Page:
Once healing of the cut 12 has been completed, the frame structure 2 is removed from the skin 14. The adhesive layer 25 and the frame portion 5 are sufficiently easy to lift and peel from the skin 14 when the cut has substantially healed so as to avoid excessive stress at the newly healed cut 12.
As best seen in FIGS. 2 and 3, a release layer 35 is removably attached to a bottom surface 36 of the adhesive layer 25. The release layer protects the adhesive layer 25 from contamination by dust, dirt or liquids before the frame structure 2 is adhered to the patient's skin 14. In the preferred embodiment, the release layer 35 covers the adhesive layer 25 only without extending across the open center area 10; however, the release layer 35 may extend to cover the open center area 10 as well. At least a portion of the release layer 35 extends beyond one of the side portions 6 of the frame portion 5 so as to form tab 37 for easy gripping and removal of the release layer as frame structure 2 is prepared for use.
Prior to application of the frame structure 2 to the skin 14, the release layer 35 is removed from the adhesive layer 25 as discussed above. The scar-reducing frame structure 2 is then positioned relative to the skin 14 such that the open center area 10 completely surrounds the closed cut 12. The frame structure 2 is then placed against the user's skin 14 such that the adhesive layer's lower surface 36 contacts the user's skin 14. The frame structure 2 is then pressed against the skin 14 to ensure a tight bond between the adhesive layer 25 and the skin 14. As is seen in FIG. 1, the frame portion 5 conforms to the shape of the user's skin 14 while maintaining its rigidity in the frame plane to ensure that the skin around the cut 12 is prevented from moving relative to the cut. Although the frame portion 5 illustrated in FIGS. 2 and 3 is substantially fiat prior to bonding to the user's skin 14, alternate embodiments of the frame portion are preformed to a selective contoured shape for application to contoured regions of the skin 14.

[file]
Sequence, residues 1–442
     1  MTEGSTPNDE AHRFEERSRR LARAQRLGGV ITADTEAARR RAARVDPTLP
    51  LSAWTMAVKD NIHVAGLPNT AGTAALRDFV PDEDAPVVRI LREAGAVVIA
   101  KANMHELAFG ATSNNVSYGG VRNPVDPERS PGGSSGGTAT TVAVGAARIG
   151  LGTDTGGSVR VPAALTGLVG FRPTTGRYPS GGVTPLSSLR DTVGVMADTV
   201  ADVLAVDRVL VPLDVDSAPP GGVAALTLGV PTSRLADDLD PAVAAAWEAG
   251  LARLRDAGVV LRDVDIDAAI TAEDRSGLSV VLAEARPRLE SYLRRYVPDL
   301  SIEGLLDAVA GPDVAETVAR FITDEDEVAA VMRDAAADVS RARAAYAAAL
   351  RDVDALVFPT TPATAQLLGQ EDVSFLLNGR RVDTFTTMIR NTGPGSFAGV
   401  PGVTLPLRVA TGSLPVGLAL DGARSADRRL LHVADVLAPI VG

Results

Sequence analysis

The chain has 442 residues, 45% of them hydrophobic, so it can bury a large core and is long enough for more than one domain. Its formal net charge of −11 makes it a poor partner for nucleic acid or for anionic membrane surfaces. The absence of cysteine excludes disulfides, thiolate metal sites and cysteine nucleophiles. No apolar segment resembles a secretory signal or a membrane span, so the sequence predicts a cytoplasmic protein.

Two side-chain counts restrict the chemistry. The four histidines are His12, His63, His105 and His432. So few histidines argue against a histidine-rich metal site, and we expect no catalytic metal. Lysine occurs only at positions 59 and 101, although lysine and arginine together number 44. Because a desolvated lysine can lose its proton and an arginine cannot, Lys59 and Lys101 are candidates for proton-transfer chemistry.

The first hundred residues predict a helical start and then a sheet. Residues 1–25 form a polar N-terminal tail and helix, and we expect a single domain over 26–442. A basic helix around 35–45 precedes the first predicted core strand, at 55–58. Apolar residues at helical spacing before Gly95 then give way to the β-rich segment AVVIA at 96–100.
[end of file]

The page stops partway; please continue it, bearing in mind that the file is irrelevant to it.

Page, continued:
As is best seen in FIGS. 4 and 5, alternate embodiments of the frame structure 2 include the frame portion 5 with edges 55 along the upper surface 15. The edges 55 are selectively rounded (FIG. 4) or beveled (FIG. 5) so the upper surface does not have sharp corners that, for example, may have a tendency to catch on clothing or the like.
From the foregoing it will be appreciated that, although specific embodiments of the invention have been described herein for purposes of illustration, various modifications may be made without deviating from the spirit and scope of the invention. Accordingly, the invention is not limited except as by the appended claims.
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|CN103099708B *||Mar 8, 2013||Mar 2, 2016||唐伊娜||一种无间隙固定式伤口敷料|
|U.S. Classification||606/201, 604/304|
|International Classification||A61F15/00, A61F13/02, A61B17/08|
|Cooperative Classification||A61B17/08, A61F15/008, A61F13/0259, A61F13/0246|
|European Classification||A61F13/02, A61F15/00P|
|Jun 5, 2001||SULP||Surcharge for late payment|
|Jun 5, 2001||FPAY||Fee payment|
Year of fee payment: 4
|Jun 22, 2005||REMI||Maintenance fee reminder mailed|
|Dec 2, 2005||LAPS||Lapse for failure to pay maintenance fees|
|Jan 31, 2006||FP||Expired due to failure to pay maintenance fee|
Effective date: 20051202